Q: How do you handle a patient with a post-band bleed?

A: A small amount of bleeding is very common, but significant bleeding is extremely uncommon.  Significant bleeding, should it occur, most commonly happens 3-5 days or 10 days – 2 weeks after banding, corresponding to when the banded tissue sloughs and when the resultant eschar separates. 

Most patients stop bleeding when lying down, applying ice and drinking fluids. For those that do not, or for those with a substantial bleed, instruct the patient to come to the emergency room. Multiple approaches to treat this type of bleeding are available, from cauterizing the ulcer anoscopically with a silver nitrate stick, using an APC, heater probe, or other cautery device endoscopically for a bleeding ulcer. Should the bleeding be coming from a “pumper”, re-ligation or the application of an endoscopic clip will generally suffice.

Q: How do you deal with patients on anticoagulants?

A: This is a very controversial subject.  Patients on anticoagulants may have an increased risk of bleeding in the post-banding period, although one review of 150 patients banded on warfarin, only 1 patient bled, and that was not from the banding site but rather a coexistent fissure, and another showed no significant difference in the bleed rate comparing patients on clopidogrel to those not taking the medication.  To date, we’ve not found any reports dealing with the newest generation of anticoagulants.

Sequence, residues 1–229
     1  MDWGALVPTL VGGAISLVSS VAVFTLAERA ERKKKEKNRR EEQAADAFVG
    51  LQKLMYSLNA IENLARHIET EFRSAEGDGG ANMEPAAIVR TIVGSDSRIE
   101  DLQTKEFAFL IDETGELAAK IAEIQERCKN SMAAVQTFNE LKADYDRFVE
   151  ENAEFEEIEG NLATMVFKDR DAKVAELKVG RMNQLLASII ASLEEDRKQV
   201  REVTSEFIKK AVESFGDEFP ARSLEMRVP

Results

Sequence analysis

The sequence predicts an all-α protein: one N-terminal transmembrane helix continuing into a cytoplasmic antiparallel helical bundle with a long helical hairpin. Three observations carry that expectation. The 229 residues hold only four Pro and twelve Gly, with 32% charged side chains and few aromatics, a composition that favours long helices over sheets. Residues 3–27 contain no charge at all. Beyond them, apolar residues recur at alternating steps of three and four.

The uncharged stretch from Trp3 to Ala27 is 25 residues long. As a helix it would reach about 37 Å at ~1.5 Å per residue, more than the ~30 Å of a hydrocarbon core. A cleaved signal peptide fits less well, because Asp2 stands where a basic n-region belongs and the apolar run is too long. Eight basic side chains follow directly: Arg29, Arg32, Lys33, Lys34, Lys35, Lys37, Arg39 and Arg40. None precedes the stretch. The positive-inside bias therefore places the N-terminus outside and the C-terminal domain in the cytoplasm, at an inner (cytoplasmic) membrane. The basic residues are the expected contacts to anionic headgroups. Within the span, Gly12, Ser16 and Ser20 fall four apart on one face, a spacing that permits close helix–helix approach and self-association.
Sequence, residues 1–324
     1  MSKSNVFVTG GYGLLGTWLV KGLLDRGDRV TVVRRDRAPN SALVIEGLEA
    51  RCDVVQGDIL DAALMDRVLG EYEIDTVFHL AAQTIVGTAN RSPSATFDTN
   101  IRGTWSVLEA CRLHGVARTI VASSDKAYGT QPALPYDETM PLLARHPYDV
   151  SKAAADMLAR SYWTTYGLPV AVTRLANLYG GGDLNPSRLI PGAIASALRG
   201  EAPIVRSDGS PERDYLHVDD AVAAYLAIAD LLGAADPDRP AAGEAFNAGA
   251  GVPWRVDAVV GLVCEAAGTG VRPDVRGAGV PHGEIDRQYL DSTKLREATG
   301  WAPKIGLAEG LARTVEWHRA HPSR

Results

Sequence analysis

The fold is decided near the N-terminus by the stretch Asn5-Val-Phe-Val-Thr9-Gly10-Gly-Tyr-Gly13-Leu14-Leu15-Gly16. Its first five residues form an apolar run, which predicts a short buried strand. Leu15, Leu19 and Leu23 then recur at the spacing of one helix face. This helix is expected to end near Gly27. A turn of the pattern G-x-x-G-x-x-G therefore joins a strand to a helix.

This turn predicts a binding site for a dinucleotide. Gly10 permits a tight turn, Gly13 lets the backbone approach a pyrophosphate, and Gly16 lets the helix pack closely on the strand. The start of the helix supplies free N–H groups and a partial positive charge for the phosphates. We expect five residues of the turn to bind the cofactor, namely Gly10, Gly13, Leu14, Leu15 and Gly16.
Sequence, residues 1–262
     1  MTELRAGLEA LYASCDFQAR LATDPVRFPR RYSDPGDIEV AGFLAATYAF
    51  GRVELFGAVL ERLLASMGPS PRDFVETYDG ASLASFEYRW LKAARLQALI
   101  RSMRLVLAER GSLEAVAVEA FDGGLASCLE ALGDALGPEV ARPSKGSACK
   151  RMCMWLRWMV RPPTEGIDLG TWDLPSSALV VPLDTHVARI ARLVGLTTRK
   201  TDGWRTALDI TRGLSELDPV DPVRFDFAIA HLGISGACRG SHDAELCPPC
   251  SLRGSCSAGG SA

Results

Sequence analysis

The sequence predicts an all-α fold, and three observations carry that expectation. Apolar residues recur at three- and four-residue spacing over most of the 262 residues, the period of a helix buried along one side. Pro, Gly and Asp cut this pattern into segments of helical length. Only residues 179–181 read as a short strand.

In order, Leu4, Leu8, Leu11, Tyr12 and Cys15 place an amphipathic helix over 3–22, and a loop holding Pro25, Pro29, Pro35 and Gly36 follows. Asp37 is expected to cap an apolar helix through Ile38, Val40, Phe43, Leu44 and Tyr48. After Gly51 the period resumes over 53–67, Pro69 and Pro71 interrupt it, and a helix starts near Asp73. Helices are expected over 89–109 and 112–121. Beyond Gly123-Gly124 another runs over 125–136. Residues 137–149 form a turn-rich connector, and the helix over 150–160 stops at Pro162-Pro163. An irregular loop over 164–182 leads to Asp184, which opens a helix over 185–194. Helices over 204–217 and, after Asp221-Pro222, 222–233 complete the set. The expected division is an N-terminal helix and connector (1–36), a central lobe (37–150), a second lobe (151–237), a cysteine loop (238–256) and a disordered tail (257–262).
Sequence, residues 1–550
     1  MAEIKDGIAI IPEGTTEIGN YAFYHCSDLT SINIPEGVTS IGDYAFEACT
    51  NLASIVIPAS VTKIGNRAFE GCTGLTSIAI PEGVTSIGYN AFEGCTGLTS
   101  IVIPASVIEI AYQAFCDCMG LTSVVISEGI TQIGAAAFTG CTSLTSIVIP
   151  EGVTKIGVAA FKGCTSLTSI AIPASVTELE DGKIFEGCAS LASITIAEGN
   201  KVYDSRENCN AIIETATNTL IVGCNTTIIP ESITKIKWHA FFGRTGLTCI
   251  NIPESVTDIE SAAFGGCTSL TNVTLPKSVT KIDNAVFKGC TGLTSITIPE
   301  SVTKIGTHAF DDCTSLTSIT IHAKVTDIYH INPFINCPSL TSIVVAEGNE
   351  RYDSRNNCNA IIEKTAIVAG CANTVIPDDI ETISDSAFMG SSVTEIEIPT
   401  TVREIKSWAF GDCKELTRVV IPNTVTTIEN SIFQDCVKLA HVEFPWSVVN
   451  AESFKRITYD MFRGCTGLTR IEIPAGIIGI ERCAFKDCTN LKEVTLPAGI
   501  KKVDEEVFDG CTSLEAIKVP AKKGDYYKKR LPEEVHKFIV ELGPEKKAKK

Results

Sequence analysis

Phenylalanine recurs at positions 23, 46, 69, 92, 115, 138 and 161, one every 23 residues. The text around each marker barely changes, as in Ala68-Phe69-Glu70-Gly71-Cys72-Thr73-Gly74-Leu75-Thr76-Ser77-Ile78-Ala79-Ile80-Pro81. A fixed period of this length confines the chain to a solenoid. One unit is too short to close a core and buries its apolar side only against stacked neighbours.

If the decision is made to hold these medications in and around the banding session, then their Coumadin or Plavix should be stopped on the day of the banding session (if safe and appropriate to do so). Assuming that the patients are on these anticoagulants for a reason, holding these medications can certainly have its own set of problems, so a risk-benefit analysis should be included when planning for these patients’ treatment.

Q: I’ve had terrible problems using nitroglycerin in the past, and I see that you use this quite often.

A: The vast majority of the problems associated with topical nitroglycerin utilized in perianal situations is due to either using too potent a formulation of NTG*, or using too much of it (or both). We have had great success using 0.125% nitroglycerin ointment, and using a “pea-sized” drop on a gloved finger, placed inside the anus 3 times per day. In patients with fissures, the treatment must be continued for 3 months after the fissure is healed, in order to minimize the risk of recurrence.